Our ancestors who hunted wild game and fished wild fish had their natural salt needs provided by the meat and bones of the animals they ate. Ancestors who relied more heavily on agriculture and domesticated animal projects, however, had to begin to seek salt out as an addition to their meals. Since ancient days, salt mining, salt trading– and controlling both– has been a strategic (and often unmentioned) motivator for conquerors and spreading empires. And up until the invention of modern refrigeration and canning techniques, salt was the most common way to preserve food. Salt has also been recognized as a healing element since ancient times and has a number of applicable uses today as well.

But it turns out that salt perfectly embodies the universal forces of life and death. First, some basic science: acids search for an electron that they lack; bases try to shed an extra electron. When this successfully occurs, a balanced compound is formed. When the base/electron donor is sodium and the acid/recipient is chloride, the resulting balanced compound is salt. In this way, salt represents the yin and the yang or the sacred act of masculine meeting feminine and creating new life. Interestingly, monks were long forbidden to eat salt.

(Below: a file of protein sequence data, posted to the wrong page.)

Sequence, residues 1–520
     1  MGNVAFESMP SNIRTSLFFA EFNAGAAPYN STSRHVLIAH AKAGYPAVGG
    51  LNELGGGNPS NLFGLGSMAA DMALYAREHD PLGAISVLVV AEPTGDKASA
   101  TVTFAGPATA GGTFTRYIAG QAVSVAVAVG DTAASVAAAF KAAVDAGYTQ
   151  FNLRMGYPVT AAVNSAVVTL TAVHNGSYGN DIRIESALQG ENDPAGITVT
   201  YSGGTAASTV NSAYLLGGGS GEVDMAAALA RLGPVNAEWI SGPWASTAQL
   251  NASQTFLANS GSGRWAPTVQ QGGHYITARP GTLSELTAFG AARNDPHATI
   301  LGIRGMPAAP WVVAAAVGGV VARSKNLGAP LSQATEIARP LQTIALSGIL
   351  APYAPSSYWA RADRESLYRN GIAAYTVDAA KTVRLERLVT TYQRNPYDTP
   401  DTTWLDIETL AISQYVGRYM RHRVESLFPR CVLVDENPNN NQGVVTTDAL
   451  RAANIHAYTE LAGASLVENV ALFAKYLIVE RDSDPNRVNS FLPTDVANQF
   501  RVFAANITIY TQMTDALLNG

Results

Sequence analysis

Salt, as a balanced or neutral compound, makes a great cleansing, purification, blessing and protection agent. Salt was — and is– a sacred offering to God or The Gods in many religions, including Judaism (ancient and modern). In ancient Judaism, newborns were “salted”, or their skin gently rubbed with salt, to protect them from demons and illness. This practice may have evolved into the Catholic church’s practice of making holy water, which contains salt and is used for similar purposes. Salt also represents the preservation of a relationship/commitment and is used in rituals from all sorts of belief systems for this reason. Spilling salt is seen as bad luck because it can be taken as breaking a relationship or commitment. The folk practice of throwing a pinch of spilled salt over one’s left shoulder is believed to reverse the bad luck. If you look closely at Leonard Da Vinci’s Last Supper, Judas has just spilled the salt cellar with his elbow, signifying the breaking of a relationship or commitment with Christ.